Baby Hope: the murder that revealed NYPD's compassion
After 22 years, detectives who never gave up hunt for baby's killer finally have a name and a suspect
EDITOR'S UPDATE: Since this article was posted, the New York Post has named Baby Hope as Angelica Ramirez, based on information from a police source.
THE black marble tombstone in a Bronx cemetery bears the name Baby Hope and, because there is no known date of birth, only the date of the discovery in a picnic cooler of the starved and abused body of a little girl: July 23, 1991.
That day 22 years ago marks the start of a baffling and frustrating murder case which has along the way offered a remarkable insight into the culture of the New York Police Department.
Many mistakes and many sins have been committed by New York cops. With their slovenly swagger and coarse accents, their guns and their stressed-out demeanors, they are never men or women to mess with.
But the story of Baby Hope reveals an unassailable compassion that has not just survived the dark side of what was once the toughest and most complex city on earth, but was forged by it. These cops know innocence when they see it.
Yesterday, the New York Times revealed that Baby Hope at last has a name, an identity. Their annual appeal for clues - conducted back in July with fly posters and loudspeaker appeals - produced a lead. The police will not reveal the name just yet: they are on the trail of a suspect.
There were 2,154 murders in New York in 1991, more than four times as many as anticipated this year. July 23 was the sixth day of a Big Heat in which temperatures soared into the nineties.
There were complaints of a foul stench wafting from a section of the Henry Hudson Parkway along the Hudson River banks, and a road crew found it coming from a picnic cooler thrown onto the verge.
Inside were empty soft drink cans and a black plastic rubbish bag. When the road crew slit open the bag, they saw an arm and a leg.
Police found the body of a child, aged four to five, with black hair. The coroner said she was 3ft 2in tall and weighed 20lb. She was bound and naked but for a plastic hair band. She had died from strangulation, and had been sexually abused.
It was one of those cases which shocked a city often considered unshockable.
But the investigation went nowhere. The bar codes on the soft drink cans had been corroded by the ooze of decomposition and could not be traced. The picnic cooler was one of a batch of 79 shipped to New York from a factory in Texas, but there were no records kept of retail sales. Someone called to say they had seen a man and a woman, probably of Mexican origins, carrying a picnic cooler along the roadside.
After two years in which the child lay in the morgue, it was the detectives of the 34th Precinct, Washington Heights, who organised her funeral. They raised a collection to pay for the headstone, on which they had inscribed BABY HOPE and the lines: “The identity of this little girl is still unknown. If you have any information please call 1-800-577-TIPS.”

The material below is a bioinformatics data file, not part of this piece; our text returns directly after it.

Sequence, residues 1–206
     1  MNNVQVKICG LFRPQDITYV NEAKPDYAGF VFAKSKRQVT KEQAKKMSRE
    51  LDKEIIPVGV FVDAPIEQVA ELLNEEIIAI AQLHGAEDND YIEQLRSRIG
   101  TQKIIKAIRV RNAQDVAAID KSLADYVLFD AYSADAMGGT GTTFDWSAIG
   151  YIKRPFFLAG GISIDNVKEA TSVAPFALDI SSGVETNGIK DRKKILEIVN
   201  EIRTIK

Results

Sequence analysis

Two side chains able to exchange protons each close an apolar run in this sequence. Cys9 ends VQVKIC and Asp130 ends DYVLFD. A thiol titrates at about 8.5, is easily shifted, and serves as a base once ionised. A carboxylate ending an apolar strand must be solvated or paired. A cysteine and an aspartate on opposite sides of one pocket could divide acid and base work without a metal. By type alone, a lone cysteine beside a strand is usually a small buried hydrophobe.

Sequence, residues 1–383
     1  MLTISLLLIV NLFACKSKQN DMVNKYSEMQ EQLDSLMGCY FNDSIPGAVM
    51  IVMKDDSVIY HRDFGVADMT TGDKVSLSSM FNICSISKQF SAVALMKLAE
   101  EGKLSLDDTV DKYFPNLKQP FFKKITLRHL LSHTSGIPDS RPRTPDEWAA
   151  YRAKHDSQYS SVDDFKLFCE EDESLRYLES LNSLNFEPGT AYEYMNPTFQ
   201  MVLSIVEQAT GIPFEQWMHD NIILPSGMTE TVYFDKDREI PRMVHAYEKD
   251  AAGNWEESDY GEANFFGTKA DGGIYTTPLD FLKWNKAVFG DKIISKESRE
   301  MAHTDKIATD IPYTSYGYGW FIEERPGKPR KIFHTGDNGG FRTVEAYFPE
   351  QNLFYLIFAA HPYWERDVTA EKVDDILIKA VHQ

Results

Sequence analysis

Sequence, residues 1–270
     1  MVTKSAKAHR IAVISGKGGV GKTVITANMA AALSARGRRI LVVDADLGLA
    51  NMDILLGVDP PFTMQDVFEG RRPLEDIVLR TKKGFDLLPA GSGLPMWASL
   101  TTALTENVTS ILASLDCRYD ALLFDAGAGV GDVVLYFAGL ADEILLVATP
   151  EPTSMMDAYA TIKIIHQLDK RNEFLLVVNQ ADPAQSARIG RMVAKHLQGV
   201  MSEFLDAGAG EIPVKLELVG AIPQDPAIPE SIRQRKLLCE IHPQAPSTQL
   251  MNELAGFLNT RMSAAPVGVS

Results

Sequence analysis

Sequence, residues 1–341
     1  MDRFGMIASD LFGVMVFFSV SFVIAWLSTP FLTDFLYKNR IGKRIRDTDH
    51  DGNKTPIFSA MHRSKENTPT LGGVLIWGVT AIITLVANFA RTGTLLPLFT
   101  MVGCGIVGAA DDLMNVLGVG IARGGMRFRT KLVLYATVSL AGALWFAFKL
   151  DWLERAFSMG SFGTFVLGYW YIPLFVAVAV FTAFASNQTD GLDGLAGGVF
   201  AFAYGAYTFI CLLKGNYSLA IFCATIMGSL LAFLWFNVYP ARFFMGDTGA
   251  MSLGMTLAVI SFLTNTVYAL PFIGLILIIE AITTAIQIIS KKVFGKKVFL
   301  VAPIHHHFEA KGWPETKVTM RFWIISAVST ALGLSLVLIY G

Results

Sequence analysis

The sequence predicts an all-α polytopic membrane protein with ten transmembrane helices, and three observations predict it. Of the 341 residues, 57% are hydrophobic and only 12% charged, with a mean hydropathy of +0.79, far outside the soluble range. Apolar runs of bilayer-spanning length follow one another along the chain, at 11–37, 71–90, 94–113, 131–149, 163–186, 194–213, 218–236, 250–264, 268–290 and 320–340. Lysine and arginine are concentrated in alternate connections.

Jerry Giorgio, then the lead detective in the case, now 79 and retired, said this week: “We weren’t going to call her Jane Doe."
More than 500 people attended the funeral mass at St Elizabeth’s Church. A bagpiper played Amazing Grace. Lt Joseph Reznick, commander of the precinct’s detectives, delivered the eulogy.
Baby Hope was never a cold case. When DNA testing came in, they dug up the body for DNA samples. When more sophisticated techniques evolved, they dug it up again, and this time got workable samples. Police found no matches.
The cops would make regular visits to the grave, approaching by stealth because you never knew if you might spot someone there with secrets to tell. They collected notes and gifts, sifting them for clues.
“If I was working with someone else on a case, we’d swing around and stop,” said Giorgio. “Nothing of value ever came of it.”
Then in July this year a woman responded to their annual call for tips. She had heard a woman talking in a laundromat about her younger sister disappearing, and perhaps becoming a murder victim.
Detectives traced the woman, who had heard the story from a third, younger, sister. She led the police to their mother, and detectives secretly obtained a DNA sample. Baby Hope had a name.
The mother is not a suspect. After a separation, she had been living with the older sister while her husband had kept the younger two. The cops are now searching for the husband and members of his family.
Detective Reznick has risen to be the head of the NYPD’s Narcotics Division, and is due to retire in December after a full 40-year career. That, he told the Times, had been one of his goals. “The other was to make sure that this case never left the minds of people, and to solve it.”
Detective Giorgio said Baby Hope will need a new headstone. He is going to start a collection. ·